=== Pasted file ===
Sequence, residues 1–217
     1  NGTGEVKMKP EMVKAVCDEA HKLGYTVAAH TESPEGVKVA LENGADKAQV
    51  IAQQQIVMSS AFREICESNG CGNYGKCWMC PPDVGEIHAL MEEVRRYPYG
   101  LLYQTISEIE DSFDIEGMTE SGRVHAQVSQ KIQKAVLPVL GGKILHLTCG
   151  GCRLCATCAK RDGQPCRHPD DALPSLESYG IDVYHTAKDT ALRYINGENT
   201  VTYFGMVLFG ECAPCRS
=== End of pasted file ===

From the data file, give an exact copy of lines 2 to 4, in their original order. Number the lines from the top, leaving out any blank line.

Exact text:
     1  NGTGEVKMKP EMVKAVCDEA HKLGYTVAAH TESPEGVKVA LENGADKAQV
    51  IAQQQIVMSS AFREICESNG CGNYGKCWMC PPDVGEIHAL MEEVRRYPYG
   101  LLYQTISEIE DSFDIEGMTE SGRVHAQVSQ KIQKAVLPVL GGKILHLTCG